Veryl Goodnight

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Veryl Goodnight: The Day the Wall Came Down in Clayallee, Berlin-Zehlendorf near Allied Museum

Veryl Goodnight (born January 26, 1947) is a sculptor and since 2006 has been living in Mancos, Colorado.[1] She is known for her equine sculpture - in particular a realistic depiction of horses, often in an American West context.[2]

Early life[edit]

Veryl was born in Ashland, Ohio, on January 26, 1947, but her family moved to Lakewood, Colorado when she was only a few weeks old. As a young child living in the West, she fell in love with horses. Her parents could not afford to buy her one of her own, but Veryl continued to think and dream about horses. When she was very little she would sculpt horses out of snow.[3] She received from her parents her first set of professional paints when she was in third grade, and soon her home was filled with equine drawings and paintings.[4]


In 1965, Veryl had the opportunity for a scholarship to study art at the University of Colorado at Boulder,[4] but declined because she did not wish to study abstract art, which was the predominant form being taught at that time. She attended business school in Denver instead. During her 20s she held a steady job as a secretary while she continued to study art in her spare time. Her mentors included artists James Disney, Ned Jacob, Ken Bunn, and Jon Zahourek. She learned painting, bronze sculpture, and horse anatomy and began making and selling sculptures for a living.

The Day the Wall Came Down[edit]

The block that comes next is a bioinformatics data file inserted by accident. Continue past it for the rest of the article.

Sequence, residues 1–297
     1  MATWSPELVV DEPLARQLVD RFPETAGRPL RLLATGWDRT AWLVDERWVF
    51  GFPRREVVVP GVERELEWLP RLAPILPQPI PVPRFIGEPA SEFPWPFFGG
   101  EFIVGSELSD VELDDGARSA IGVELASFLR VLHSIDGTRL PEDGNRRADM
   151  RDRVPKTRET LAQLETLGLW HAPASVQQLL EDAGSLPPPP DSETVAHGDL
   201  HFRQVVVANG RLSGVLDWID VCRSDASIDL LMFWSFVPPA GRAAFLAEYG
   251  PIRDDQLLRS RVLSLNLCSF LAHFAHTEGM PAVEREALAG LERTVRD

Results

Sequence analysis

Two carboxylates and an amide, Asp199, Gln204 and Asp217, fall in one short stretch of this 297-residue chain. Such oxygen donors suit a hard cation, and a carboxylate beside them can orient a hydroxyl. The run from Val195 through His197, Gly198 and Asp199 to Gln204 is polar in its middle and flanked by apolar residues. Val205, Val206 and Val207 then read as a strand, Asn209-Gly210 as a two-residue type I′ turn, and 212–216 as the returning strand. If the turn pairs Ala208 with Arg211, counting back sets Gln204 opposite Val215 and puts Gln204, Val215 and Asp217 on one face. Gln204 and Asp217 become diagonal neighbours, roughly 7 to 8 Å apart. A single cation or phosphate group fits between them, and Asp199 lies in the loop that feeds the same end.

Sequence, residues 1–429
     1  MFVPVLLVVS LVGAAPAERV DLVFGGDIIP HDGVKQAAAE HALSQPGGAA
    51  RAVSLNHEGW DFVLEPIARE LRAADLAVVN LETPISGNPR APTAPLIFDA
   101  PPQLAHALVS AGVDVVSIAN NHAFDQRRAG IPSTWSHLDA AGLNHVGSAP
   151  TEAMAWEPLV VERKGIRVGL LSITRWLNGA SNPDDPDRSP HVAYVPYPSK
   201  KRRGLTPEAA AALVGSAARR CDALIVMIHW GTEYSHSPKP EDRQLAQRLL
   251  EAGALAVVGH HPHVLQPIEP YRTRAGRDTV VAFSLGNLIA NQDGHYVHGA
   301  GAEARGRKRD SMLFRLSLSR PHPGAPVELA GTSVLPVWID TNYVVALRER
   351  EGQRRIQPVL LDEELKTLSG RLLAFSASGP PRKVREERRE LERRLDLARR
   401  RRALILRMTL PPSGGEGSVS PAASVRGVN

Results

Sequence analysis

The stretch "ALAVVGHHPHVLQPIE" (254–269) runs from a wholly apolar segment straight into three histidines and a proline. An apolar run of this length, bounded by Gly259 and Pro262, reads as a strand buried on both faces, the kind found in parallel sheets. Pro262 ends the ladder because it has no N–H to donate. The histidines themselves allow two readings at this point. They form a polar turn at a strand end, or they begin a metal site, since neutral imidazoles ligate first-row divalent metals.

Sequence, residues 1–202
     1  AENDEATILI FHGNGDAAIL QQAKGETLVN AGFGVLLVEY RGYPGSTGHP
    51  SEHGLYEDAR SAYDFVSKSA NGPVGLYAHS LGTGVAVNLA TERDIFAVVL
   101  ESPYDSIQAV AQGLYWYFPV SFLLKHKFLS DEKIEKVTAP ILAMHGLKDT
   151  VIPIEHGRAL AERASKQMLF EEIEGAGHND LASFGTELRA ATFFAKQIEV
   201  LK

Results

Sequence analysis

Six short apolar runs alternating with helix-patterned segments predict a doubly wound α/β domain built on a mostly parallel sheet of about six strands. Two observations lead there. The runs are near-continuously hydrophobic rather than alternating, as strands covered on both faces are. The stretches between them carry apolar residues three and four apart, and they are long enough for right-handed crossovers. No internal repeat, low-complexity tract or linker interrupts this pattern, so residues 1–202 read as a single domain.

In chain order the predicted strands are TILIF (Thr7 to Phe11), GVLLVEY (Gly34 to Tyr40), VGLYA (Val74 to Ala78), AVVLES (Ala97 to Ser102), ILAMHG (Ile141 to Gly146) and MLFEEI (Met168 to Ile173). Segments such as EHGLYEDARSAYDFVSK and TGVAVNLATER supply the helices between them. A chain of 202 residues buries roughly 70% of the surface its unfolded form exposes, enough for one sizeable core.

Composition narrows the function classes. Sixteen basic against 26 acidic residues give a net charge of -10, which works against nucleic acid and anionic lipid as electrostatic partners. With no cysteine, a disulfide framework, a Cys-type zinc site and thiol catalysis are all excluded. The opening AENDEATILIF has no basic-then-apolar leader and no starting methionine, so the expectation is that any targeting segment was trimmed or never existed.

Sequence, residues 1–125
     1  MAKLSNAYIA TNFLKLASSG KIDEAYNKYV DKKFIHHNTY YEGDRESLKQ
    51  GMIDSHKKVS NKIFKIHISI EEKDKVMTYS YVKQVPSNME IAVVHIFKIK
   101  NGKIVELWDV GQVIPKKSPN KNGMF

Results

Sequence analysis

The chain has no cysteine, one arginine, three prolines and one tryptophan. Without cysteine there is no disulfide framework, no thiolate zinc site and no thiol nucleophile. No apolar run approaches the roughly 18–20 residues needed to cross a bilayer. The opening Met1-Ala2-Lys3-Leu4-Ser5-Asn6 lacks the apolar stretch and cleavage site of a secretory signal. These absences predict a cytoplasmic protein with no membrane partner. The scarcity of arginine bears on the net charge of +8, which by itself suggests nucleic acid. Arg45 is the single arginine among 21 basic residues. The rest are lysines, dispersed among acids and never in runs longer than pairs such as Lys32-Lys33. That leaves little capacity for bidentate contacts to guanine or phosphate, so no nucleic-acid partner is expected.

"The Day the Wall Came Down" in College Station, Texas

She is best known for her piece The Day the Wall Came Down, a tribute to the fall of the Berlin Wall. It features five horses jumping over the rubble of the Berlin Wall.

There are two copies of the sculpture. The first, finished in 1997, is located at the George Bush Presidential Library in College Station, Texas.[5]

The second, finished in 1998, was given as a gift from the United States of America to Germany and is located at Clayallee near the Allied Museum in the former American sector of Berlin.[5] Each sculpture weighs approximately seven tons and measures 30 feet long by 18 feet wide by 12 feet high.[6]

Exposition in museums and open air[edit]

Goodnights work is presented in many public collections, e. g.[7]

Other monuments created by Veryl "are on display at The Cowboy Hall of Fame Museum in Oklahoma City; the Houston Astrodome; Brookgreen Gardens, Murrells Inlet, South Carolina; Pro Rodeo Hall of Fame Museum in Colorado Springs, Colorado; Miyama Building, Tokyo, Japan; Lely Resort in Naples, Florida; and The Old West Museum in Cheyenne, Wyoming." [9]

Exhibits and Professional Organizations[edit]

  2016 Inductee National Cowgirl Hall of Fame


She has published a biography: No Turning Back: The Art of Veryl Goodnight.

External References[edit]


  1. ^ Veryl Goodnight moved 2006 to Mancos Colorado Archived March 29, 2012, at the Wayback Machine.
  2. ^ a b Veryl Goodnight is Member of the American Academy of Equine Art, Inc Archived March 30, 2012, at the Wayback Machine.
  3. ^ Roberts, Honi. Creative Rider. The Trail Rider. 2005; 16: 46-55.
  4. ^ a b Reynolds, Gretchen. All the Pretty Horses. Southwest Art. 2006; July issue: 159-163.
  5. ^ a b
  6. ^ Kadash-Swan, Kathy. Freedom Horses. Western Horseman. 1999; January issue: 100-106.
  7. ^ Veryl Goodnights' sculptures in public collections
  8. ^ Veryl Goodnights Biography Archived March 29, 2012, at the Wayback Machine.
  9. ^ Citation, Other monuments
  10. ^ Honouring Veryl Goodnight[permanent dead link]
  11. ^ Exhibits and Organizations